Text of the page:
Gesture Recognition and Motion Capture
Gesture Recognition and Motion Capture as a Precursor for Behavioral Biometrics (2006)
MUNS Macquarie University New Staff Research Grant
Investigators: Kavakli, M
This project investigates motion tracking and behavioural modelling as a precursor for the design and implementation of a behavioural biometrics system. The main goals of this project is first, to explore how to produce realistic representations of avatars simulating natural motions based on behavioural protocols, investigating social cues, and then, to produce personality and emotion models in order to use them in personal identification as a part of behavioural biometrics.
Biometrics can be defined as automated methods of identifying a person, or verifying the identity of a person, based on physiological or behavioural characteristics. It is the most secure and convenient authentication tool. The outcomes are behavioural protocols including the personality and emotion models as a precursor for behavioural biometrics. Our hypothesis is that any intelligent agent must be able to detect and process the social cues to be able to operate in a social context in a virtual environment.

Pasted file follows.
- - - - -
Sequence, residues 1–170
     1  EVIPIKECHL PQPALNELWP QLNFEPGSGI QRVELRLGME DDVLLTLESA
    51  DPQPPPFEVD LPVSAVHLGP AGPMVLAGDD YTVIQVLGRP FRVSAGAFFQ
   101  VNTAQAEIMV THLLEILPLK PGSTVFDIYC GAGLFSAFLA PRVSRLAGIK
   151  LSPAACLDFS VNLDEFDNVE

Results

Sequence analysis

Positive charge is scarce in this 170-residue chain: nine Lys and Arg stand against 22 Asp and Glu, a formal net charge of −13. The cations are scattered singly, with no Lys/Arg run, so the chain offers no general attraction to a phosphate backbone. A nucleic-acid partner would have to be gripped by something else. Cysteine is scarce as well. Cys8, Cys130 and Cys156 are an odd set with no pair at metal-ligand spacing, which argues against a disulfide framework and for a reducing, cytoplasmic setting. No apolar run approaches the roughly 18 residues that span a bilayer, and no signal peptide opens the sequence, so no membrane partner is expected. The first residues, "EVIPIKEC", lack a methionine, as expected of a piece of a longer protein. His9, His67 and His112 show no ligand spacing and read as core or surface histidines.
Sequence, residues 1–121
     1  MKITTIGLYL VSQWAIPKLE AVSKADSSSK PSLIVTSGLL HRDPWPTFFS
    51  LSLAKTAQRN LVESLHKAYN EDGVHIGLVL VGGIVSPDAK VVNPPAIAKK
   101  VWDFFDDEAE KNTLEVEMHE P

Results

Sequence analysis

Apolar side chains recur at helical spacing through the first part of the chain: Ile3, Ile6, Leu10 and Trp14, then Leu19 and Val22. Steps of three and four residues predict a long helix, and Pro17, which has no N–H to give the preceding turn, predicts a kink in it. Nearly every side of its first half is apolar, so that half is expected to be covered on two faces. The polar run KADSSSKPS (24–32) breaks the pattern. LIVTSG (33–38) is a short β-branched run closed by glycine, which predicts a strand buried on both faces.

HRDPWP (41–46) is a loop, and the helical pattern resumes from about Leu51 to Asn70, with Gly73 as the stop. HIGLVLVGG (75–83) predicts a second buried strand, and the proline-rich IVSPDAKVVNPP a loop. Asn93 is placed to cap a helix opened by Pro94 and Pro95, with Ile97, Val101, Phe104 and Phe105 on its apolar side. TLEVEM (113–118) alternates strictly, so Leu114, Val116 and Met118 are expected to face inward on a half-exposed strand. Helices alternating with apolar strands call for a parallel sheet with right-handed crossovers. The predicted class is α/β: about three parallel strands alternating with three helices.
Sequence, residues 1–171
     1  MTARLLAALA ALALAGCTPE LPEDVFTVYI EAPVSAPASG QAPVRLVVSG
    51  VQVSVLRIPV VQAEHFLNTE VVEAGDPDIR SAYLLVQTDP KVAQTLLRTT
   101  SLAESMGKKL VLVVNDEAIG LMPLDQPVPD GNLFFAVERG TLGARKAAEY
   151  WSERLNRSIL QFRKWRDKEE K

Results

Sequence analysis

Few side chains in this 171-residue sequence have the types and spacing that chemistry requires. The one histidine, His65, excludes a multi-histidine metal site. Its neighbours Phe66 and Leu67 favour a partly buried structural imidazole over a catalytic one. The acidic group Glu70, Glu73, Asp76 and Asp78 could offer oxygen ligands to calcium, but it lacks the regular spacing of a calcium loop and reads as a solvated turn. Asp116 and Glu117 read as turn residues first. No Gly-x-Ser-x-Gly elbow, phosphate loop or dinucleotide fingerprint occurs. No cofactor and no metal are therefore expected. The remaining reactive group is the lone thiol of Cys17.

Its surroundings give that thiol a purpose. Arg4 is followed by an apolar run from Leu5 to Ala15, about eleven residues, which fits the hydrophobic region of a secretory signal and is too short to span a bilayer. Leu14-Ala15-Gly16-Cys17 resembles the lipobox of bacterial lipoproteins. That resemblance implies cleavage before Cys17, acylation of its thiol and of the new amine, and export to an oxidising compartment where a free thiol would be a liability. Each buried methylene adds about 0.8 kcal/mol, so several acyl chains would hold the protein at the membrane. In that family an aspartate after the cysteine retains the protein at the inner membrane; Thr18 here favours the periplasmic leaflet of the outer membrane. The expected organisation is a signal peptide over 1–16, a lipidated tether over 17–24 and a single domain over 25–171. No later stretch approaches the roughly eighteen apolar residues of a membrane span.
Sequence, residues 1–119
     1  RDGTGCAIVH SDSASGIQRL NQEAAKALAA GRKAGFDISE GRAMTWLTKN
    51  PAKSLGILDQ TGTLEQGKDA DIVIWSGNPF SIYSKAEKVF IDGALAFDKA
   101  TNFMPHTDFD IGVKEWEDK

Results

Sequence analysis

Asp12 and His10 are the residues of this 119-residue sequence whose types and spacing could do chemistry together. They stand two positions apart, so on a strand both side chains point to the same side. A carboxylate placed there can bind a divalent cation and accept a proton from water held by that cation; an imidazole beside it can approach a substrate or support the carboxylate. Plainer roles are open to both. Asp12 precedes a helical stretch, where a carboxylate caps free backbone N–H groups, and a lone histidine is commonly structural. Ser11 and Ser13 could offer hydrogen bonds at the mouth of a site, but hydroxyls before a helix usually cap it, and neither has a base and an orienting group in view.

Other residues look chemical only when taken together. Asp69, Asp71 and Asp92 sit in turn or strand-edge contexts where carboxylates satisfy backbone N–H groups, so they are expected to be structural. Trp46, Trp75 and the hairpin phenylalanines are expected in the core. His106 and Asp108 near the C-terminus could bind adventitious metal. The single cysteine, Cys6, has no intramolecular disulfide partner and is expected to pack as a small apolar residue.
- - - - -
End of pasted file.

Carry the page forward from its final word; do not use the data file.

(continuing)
While presentation of physical and social cues is a topic of animation, their recognition is an active research area in biometrics. We will specifically focus on the representation of the manner of walking and gait recognition, since gait information is one of the most appropriate methods in behavioural biometrics. The major advantage of gait recognition is its high acceptance rate by the public, since it is based on natural walking. In this project, our aim is to investigate how to improve the accuracy rate in personal identification by addressing the problems in behavioural biometrics.
Although a few studies attempted gait and foot print recognition as an authentication tool, none of these has explored behavioural characteristics in a social context. We will use a motion capture approach based on magnetic sensors that allows the identification of full body movement. Taking advantage of the magnetic sensor technology, we will explore ways, interactively, realistically, and efficiently create and animate virtual humans. We will use Softimage for avatar construction and a number of Virtual Reality tools, such as a Motion Capture suit, Motion Builder Software for tracking motions, and a SpacePad to capture human motions for animations. We will conduct a series of experiments exporting the virtual humans we create to a Game Engine.
We have been trained on how to track motions using a Motion Capture suit, and how to import and manipulate motion capture data in Motion Builder. We also obtained Ethics approval for testing. In addition to a Digital Artist working as a Research Assistant in this project, we have a VR programmer. The project also proceeds parallel to an Honours thesis.